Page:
GLEN AHEARN, TELEDYNE DALSA INC.
Technological advances have resulted in new, higher-quality sensors that enable machine vision cameras to deliver greater features and functionality at a lower cost than ever before. These factors are motivating businesses in a widening range of industries and sizes to pursue these new, improved and more affordable cameras. Consequently, North American vision system sales, which include smart cameras and application-specific machine vision systems, climbed to $2 billion in 2015 from $1.6 billion in 2010, according to the Automated Imaging Association (AIA). Even more, AIA Director of Market Analysis Alex Shikany last year noted in his North American Vision Market Update that factory automation “will remain important,” but food and consumer goods, embedded vision, transportation and life sciences “are all industries to watch.” Regardless of the industry, however, there are a number of factors to consider while pursuing a solution.
For decades, companies have been using vision systems for inspection purposes when their products are of high value or have potential liabilities if associated with a defect. Now vision inspection is becoming more affordable for companies that are interested in producing quality products, even if they are neither of high value nor pose a potential risk if defective. Examples include hardware, such as nails and screws, corrugated cardboard and plastic containers.
Area scan cameras are used to inspect discrete components, such as pharmaceutical bottles or soda cans.
Line scan or area scan?
The type of camera a manufacturer needs, whether it is a line scan or area scan camera, will depend on the application. Most people understand the technology behind an area scan camera, which is akin to a high-resolution digital camera. Area scan cameras produce 2D images with horizontal and vertical elements.
Line scan cameras are more difficult to understand. Line scan cameras look at one line, and then build a 2D image by moving the object relative to the camera while continually grabbing one-line slices. If the object cannot be contained in a practical-size field of view, then consider a line scan camera. The most typical line scan camera use is for applications that involve the inspection of a “web,” such as large rolls of paper, fabric, aluminum, steel or sheets of glass.
If the application is to inspect a 50,000-ft roll of paper, it is not possible to do this in a single shot from an area scan camera. A line scan camera works in applications like this because the object, such as the roll of paper, is already moving as part of the normal manufacturing process. The line scan camera compiles lines from the paper roll into multiple 2D images. If each image is 1,000 lines tall, the camera will grab 1,000 lines into one 2D image, and then pick up lines 1,001 through 2,000 for the next image, and so forth. The camera breaks the 50,000-ft roll of paper into 2D images, but nothing is lost in this process.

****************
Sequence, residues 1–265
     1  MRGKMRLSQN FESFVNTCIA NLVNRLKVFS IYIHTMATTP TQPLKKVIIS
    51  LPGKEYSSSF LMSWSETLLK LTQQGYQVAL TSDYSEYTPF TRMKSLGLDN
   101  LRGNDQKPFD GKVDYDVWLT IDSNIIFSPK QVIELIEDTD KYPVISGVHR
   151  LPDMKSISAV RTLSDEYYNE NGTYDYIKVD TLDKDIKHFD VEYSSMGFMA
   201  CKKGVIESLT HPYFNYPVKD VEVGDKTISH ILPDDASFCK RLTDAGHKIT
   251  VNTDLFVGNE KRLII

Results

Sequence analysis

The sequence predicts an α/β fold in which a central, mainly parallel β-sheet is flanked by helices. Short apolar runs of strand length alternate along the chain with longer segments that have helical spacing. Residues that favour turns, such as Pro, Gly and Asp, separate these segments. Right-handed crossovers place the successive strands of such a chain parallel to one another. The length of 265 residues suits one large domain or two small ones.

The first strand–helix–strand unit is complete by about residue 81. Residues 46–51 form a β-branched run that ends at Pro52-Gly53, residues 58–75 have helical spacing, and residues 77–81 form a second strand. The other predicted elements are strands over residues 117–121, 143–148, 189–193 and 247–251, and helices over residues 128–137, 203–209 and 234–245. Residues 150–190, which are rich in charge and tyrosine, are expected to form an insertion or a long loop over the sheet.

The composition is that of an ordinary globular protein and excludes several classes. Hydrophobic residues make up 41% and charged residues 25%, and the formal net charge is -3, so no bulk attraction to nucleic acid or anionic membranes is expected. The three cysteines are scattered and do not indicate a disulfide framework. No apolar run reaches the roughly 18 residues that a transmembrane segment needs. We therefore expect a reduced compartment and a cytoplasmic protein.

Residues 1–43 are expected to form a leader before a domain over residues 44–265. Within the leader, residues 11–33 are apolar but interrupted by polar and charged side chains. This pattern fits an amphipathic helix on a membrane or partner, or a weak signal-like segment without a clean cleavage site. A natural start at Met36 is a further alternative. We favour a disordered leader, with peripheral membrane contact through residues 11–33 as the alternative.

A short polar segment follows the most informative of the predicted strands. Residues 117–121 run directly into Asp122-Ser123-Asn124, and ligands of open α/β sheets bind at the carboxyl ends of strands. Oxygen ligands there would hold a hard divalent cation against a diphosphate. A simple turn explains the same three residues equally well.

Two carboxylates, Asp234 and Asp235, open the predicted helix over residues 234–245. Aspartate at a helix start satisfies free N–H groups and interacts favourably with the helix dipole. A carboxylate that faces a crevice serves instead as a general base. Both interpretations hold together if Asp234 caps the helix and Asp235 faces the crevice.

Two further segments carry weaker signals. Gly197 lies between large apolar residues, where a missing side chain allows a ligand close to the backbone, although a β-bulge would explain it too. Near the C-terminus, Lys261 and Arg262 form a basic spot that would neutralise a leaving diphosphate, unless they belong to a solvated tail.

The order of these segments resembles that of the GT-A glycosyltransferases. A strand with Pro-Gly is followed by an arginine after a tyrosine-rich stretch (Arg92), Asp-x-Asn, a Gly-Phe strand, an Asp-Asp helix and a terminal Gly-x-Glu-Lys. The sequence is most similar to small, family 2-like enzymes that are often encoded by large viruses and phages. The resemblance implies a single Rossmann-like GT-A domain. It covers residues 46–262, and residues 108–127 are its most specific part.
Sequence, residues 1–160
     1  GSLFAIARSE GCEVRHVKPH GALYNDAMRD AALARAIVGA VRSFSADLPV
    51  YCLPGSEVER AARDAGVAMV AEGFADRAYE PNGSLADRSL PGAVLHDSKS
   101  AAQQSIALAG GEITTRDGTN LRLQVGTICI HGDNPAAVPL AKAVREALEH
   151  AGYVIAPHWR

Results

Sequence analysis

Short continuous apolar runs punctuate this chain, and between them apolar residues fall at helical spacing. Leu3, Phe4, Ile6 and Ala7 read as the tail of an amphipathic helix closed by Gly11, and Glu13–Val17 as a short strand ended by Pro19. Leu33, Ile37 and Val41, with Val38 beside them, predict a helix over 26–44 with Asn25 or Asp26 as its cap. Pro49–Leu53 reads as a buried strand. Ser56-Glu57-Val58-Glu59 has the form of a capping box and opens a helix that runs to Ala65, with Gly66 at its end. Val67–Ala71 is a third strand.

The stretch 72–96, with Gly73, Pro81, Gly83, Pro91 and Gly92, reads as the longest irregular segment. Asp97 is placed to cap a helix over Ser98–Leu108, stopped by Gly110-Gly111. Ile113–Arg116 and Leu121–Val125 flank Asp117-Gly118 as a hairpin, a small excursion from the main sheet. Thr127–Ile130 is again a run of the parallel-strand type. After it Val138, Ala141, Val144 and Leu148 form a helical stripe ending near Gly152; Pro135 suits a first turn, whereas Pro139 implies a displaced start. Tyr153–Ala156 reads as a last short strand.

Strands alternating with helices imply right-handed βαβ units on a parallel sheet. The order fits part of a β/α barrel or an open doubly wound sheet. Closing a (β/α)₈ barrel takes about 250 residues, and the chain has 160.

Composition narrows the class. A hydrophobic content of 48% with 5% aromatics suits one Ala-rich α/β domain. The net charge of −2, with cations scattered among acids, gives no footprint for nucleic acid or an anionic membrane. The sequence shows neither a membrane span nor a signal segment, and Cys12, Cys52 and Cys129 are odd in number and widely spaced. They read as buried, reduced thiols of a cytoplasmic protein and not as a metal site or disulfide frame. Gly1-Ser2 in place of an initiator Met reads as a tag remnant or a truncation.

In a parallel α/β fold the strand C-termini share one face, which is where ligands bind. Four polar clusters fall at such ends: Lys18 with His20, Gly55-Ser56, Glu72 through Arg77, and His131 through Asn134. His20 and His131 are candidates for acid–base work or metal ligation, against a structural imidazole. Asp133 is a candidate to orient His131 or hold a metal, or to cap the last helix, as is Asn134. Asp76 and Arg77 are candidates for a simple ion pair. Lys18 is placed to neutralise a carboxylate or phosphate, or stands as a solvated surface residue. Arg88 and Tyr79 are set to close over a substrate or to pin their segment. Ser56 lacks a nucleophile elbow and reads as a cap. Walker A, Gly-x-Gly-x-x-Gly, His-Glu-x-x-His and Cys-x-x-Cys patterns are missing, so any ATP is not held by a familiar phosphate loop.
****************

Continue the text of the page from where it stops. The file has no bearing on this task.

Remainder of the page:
Line scan cameras are used to inspect a ‘web,’ such as rolls of paper.
The default choice for many machine vision applications is an area scan camera. If the application involves inspecting aluminum cans, glass bottles or discrete components, then this is likely the right choice. A line scan camera is used in cases where an area scan camera doesn’t make sense, such as when a higher resolution is needed than the area camera can give or the object is something that can’t be captured in a normal field of view.
Resolution is a key consideration in the process of choosing a machine vision camera. Calculating the resolution requires knowing the size of the field of view and knowing the smallest feature that needs to be resolved. The term “features” usually refers to defects in a product or a very small element on the object. The feature might be something that is supposed to be there, such as a tiny hole in a printed circuit board, or it could be something that is not supposed to be there, such as a scratch on an aluminum sheet. In these cases, there is a need to detect what that feature is, whether it is a defect or something that is meant to be there.
For many, when considering how small a feature is necessary to detect, the knee-jerk reaction is to get a camera that detects “everything.” This approach is not always realistic or necessary. Resolution is one of the main elements driving camera costs. It is important to get as much resolution as needed, but not to overdo it. Typically, the rule of thumb is this: To be able to accurately detect a feature of a certain size, plan on at least three pixels covering that area. It is not always possible to detect a feature by interpreting a single pixel. Several pixels across the feature can ensure it is not an aberration. For example, to detect a feature as small as 1/100 of an inch, choose a pixel size three times smaller than that, or 3/1000 of an inch.
The higher the resolution, the easier it will be to identify features, but now is the time to weigh the cost of the system against how much resolution is needed. Before committing, do some testing. Borrow a camera from a manufacturer, or use a high resolution photography camera to get an idea of how much resolution is required to see what needs to be seen.
If the application is to inspect a discrete component, such as a can, bottle or piston, how many of these components must be inspected per second? How many components are going to be moving past a single point in space in a given time period? Is it three per second? Fifty per minute? The camera will need to acquire at least at this rate. It is preferable to have a little extra margin. If the application calls for a camera that acquires at 25 fps, choose a camera that acquires at 30 fps. This will give some room for error.
Line scan cameras require a bit more math to determine the appropriate acquisition rate, but it is not terribly difficult. Once you have determined your resolution, figure out how fast the object is moving and decide how many lines need to be grabbed in a second in order to have the necessary resolution. If a pixel resolution of 3/1000 of an inch is needed, and the object is moving at 100 inches per second, that would require a minimum line scan camera speed of 33,333 lines per second, or a 33.3 kHz line rate.